In response to the confusion over the executive order, the Internal Revenue Service (IRS) Office of Chief Counsel has recently issued several information letters regarding the Affordable Care Act’s (ACA) individual and employer mandate penalties. These letters clarify that:

 

Employer shared responsibility penalties continue to apply for applicable large employers (ALEs) that fail to offer acceptable health coverage to their full-time employees (and dependents); and

 

Individual mandate penalties continue to apply for individuals that do not obtain acceptable health coverage (if they do not qualify for an exemption).

 

According to these letters, the executive order does not change the law. The ACA’s provisions are still effective until changed by Congress, and taxpayers are still required to follow the law, including paying any applicable penalties.

 

Allow both spouses to make catch-up contributions to the same HSA: It eligible for catch-up contributions, both spouses of a married couple could make catch-up contributions to one HSA, beginning in 2018.As the Health Care Reform puzzle unfolds, Brown & Brown is here to help you understand the changes that would impact your organization and employees.

Workplace Safety: OSHA Proposes New Deadline for Electronic Reporting Rule

 

In 2016, the Occupational Safety & Health Administration (OSHA) issued a final rule that requires certain employers to submit data from their injury and illness records electronically so it can be posted on the agency’s website. Although the rule initially required affected employers to submit this data by July 1, 2017, OSHA recently proposed a new deadline of Dec. 1, 2017.

 

The proposed deadline is the result of a delay to the Injury Tracking Application (ITA), the online tool that OSHA will use to collect data. The ITA is ready to receive electronic reports as of Aug. 1, 2017, and employers will be able use it to submit data in one of three ways:

 

1.            Enter data into the tool manually.
2.            Upload a basic comma separated value (CSV) file for one or more establishments.
3.            Transmit data from automated record keeping systems using an application programming interface.

 

OSHA also stated that it intends to issue a separate proposal to reconsider, revise or remove other provisions of the electronic reporting rule at a later date, but did not give further details. Because the electronic reporting rule has not been revoked, employers affected by the rule should continue to record and report workplace injuries as required by law.

 

Who is required to submit electronically?

 

• Establishments with 250 or more employees that are currently required to keep OSHA injury and illness records, and establishments with 20-249 employees that are classified in certain industries (OSHA Establishments) with historically high rates of occupational injuries and illnesses. Covered establishments with 250 or more employees must electronically submit information from OSHA Forms 300 (Log of Work-Related Injuries and Illnesses), 300A (Summary of Work-Related Injuries and Illnesses), and 301 (Injury and Illness Incident Report).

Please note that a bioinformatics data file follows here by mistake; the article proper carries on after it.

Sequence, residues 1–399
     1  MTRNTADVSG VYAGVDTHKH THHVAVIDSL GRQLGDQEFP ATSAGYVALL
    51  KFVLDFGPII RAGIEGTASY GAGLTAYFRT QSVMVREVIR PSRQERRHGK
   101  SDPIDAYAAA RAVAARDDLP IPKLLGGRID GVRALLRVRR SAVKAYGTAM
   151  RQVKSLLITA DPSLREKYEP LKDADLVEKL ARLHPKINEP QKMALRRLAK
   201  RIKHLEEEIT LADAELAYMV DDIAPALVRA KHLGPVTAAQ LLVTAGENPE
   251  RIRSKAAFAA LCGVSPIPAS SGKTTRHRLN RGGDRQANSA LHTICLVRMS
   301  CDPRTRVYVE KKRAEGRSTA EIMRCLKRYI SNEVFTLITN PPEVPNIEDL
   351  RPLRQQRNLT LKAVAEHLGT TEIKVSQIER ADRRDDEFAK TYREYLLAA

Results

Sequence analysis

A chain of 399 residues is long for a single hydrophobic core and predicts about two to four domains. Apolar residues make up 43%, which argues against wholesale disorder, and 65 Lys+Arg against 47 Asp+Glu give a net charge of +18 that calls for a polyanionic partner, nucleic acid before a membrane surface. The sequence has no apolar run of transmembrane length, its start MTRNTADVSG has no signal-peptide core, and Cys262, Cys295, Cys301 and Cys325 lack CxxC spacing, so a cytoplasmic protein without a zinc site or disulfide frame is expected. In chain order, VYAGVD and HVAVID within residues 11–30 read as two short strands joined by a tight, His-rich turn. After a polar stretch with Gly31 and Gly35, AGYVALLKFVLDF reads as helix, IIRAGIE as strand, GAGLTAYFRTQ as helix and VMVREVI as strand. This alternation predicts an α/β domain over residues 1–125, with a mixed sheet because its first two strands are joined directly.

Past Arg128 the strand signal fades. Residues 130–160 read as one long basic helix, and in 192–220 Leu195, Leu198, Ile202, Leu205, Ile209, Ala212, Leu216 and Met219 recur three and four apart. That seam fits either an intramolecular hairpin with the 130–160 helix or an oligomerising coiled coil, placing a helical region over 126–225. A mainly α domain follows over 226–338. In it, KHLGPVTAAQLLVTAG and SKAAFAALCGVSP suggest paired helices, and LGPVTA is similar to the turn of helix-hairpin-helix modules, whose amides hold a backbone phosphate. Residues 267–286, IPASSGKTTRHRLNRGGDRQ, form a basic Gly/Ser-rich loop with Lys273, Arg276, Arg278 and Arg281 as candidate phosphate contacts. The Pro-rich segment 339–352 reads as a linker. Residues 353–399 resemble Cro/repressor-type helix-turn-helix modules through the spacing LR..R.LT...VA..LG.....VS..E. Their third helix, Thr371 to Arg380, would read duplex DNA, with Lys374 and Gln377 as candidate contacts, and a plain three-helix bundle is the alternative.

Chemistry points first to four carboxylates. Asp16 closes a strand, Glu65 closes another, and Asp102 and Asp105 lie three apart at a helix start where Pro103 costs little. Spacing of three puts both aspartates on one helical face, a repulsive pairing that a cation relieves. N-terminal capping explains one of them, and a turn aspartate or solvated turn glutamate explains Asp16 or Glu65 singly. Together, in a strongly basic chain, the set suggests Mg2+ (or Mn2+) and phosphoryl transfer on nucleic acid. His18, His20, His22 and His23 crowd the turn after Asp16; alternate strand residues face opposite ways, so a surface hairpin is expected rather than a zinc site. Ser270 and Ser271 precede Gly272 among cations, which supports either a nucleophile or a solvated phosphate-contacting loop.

• Covered establishments with 20-249 employees must electronically submit information from OSHA Form 300A.

 

OSHA Injury Tracking: OSHA Injury Tracking Application

 

Oregon-OSHA adopted the federal OSHA’s record keeping requirements for electronic submission of injury and illness records. With the portal now being operational as of August 1, 2017, Oregon OSHA encourages employers to begin using the electronic submission system as soon as it is activated, but will not enforce it until December 1, 2017.


Washington State Labor & Industries follows the federal OSHA reporting requirements. CalOSHA posts on their website that “employers are not required to follow the new requirements and will not be required to do so until “substantially similar” regulations go through formal rule making, which would culminate in adoption by the Director of the Department of Industrial Relations and approval by the Office of Administrative Law.”

Wildfire Season: Don’t Get Caught Without a Plan!

 

Wildfire Season is upon us.  Brown & Brown Northwest wants to remind you to prepare and understand the dangers and what to do about it.

 

Wildfire Facts

 

• There have been 845 reported wildfires so far this year in Oregon. Thirty-two are considered large, meaning they’re at least 100 acres in timber or 300 acres in grass or brush.
• Wildfires have affected about 296,837 acres across the Northwest, including 155,543 acres in Oregon.
• Estimated firefighting costs total more than $49,480,500 in the Northwest, including $27,121,512 in Oregon. All costs haven’t been reported.
• Of the total number of reported Oregon fires, 446 were caused by humans.
• The Northwest Interagency Coordination Center (NWCC) fire map provides an up-to-date look at wildfires actively burning around the state as reported by federal and cooperating state wildland fire suppression agencies.